Legislation passed that takes advantage of a change in federal health care policy and will result in millions of savings in health care costs for small businesses. Estimates suggest this could result in as much as $17 million in savings. The action is the result of the Legislature and Administration responding quickly to a federal change and the Vermont Chamber’s advocacy, which urged them to act to take advantage of these savings in the next health plan year.

  • Alcohol to-go will continue

Current pandemic-allowed alcohol to-go provisions will remain in place until July 2023 for licensees. This extension was a legislative priority identified by the Vermont Chamber and our partner organization, Vermont Independent Restaurants.

  • Harmful cloud tax prevented

We helped businesses avoid a harmful cloud tax. The tax would have cost Vermont’s technology industry at least $14 million annually by Fiscal Year 2025 and would have damaged the state’s current tech-friendly reputation, while also disincentivizing the recruitment of remote workers. This tax proposal had the potential to negate much of the economic benefit that will be achieved through State investments in broadband infrastructure.

  • Millions in tourism marketing money secured

We also helped secure a $1.4 million boost for tourism marketing promotion and $600,000 for a regional stimulus program within the Department of Tourism and Marketing. The tourism promotion funds will be used to promote Vermont’s travel, recreation, culinary, arts, culture, agritourism, and heritage experiences to attract visitors and stimulate visitor spending with local attractions and businesses throughout the state.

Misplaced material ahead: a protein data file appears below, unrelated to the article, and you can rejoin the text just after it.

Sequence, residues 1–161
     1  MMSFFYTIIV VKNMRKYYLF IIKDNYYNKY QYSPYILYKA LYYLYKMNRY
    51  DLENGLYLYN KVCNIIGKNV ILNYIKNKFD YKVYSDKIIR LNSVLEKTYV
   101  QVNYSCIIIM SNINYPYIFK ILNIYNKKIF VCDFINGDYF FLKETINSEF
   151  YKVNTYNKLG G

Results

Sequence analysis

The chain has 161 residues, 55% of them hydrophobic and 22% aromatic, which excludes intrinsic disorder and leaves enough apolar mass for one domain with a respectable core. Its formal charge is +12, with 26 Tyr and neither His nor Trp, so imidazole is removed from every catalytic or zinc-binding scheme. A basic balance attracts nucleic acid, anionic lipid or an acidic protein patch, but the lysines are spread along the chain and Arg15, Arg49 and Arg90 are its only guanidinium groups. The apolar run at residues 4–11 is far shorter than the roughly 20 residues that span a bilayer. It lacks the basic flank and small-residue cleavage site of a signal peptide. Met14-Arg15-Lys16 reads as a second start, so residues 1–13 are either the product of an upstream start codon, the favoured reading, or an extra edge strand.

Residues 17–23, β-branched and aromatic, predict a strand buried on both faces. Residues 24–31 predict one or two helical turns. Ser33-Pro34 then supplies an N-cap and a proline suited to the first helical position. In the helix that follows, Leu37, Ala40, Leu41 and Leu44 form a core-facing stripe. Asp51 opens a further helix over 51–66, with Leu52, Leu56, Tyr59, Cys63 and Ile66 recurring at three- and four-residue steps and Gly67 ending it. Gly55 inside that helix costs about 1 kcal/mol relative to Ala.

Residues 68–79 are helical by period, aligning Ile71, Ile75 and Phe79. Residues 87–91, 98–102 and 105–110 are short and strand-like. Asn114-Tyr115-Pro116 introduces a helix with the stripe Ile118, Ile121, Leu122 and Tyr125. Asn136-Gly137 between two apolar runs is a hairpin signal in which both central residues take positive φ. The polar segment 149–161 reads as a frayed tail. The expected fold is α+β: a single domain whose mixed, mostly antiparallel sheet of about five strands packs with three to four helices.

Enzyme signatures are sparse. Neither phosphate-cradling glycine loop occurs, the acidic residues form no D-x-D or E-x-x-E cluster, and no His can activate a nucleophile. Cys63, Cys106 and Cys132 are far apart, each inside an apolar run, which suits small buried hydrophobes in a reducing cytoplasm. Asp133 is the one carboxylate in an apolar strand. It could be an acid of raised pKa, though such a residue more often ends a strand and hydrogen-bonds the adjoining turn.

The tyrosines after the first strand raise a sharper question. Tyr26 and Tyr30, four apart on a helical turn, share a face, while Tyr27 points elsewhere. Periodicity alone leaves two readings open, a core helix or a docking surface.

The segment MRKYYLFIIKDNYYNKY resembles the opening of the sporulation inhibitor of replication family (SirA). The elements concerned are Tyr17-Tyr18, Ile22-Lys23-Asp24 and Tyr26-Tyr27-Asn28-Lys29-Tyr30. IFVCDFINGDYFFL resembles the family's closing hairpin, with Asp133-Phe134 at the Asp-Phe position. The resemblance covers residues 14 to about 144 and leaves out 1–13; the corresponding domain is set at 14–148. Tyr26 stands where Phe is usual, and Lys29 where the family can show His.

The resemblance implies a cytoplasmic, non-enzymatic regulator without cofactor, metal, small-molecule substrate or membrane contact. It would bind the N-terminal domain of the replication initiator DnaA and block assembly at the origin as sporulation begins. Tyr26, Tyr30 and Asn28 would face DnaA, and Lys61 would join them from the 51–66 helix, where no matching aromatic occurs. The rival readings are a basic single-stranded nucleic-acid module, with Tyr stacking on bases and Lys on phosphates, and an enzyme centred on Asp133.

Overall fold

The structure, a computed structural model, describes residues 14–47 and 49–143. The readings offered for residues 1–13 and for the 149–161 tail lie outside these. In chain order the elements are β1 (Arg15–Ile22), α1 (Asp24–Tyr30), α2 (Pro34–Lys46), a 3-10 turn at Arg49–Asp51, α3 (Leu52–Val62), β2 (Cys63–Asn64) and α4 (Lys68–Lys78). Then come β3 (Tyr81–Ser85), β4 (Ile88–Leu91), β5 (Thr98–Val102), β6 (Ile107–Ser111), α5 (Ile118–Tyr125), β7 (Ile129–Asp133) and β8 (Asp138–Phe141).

While we celebrate these advocacy wins and historic investments in Vermont’s child care, broadband, and housing infrastructure, it is unacceptable that legislators did not advance substantial immediate relief for our state’s businesses. When legislators return for the next session, there is still money on the table: $514 million of Vermont’s American Rescue Plan Act of 2021 funds have not been appropriated. Significant funding should go directly to helping Vermont’s businesses, which are operating at severe losses and still struggling because of the pandemic. The year ahead holds continued challenges, and it is our shared responsibility to ensure our state’s business community recovers and our economic future is bright.

No Act 250 Reform This Year

No Act 250 Reform This Year

Despite executive action and a handful of bills that, if advanced, would make significant adjustments to Act 250, no changes to the land use law advanced in 2021. Late in the 2021 legislative session,  encouraging Act 250 legislation was introduced in identical forms in the House and Senate. The legislation would, among other changes, reform the Natural Resources Board (NRB) and provide certain municipal areas an exemption from Act 250 jurisdiction. In addition to replacing the current five-member Natural Resources Board with a three-member professional full-time board, the two bills would transfer a handful of authorities currently held by District Commissions to the NRB. Exemption from Act 250 jurisdiction for certain Designated Downtowns, Enhanced Village Centers, and Neighborhood Development Areas is a long-standing priority of the Vermont Chamber. If implemented, this change would help facilitate responsible development in municipal areas, which would contribute to the creation of additional affordable housing in Vermont. Similar provisions were unsuccessfully introduced as part of a housing bill last session.

While a consistent priority of both the Scott Administration and the Legislature, Act 250 reform efforts have failed for the past several years. The Vermont Chamber continues to support the modernization of Act 250 to facilitate a more predictable and less costly permit process, while also ensuring Vermont’s natural resources are properly protected. We look forward to supporting these proposals when the Legislature reconvenes. Please contact Vermont Chamber Government Affairs with questions.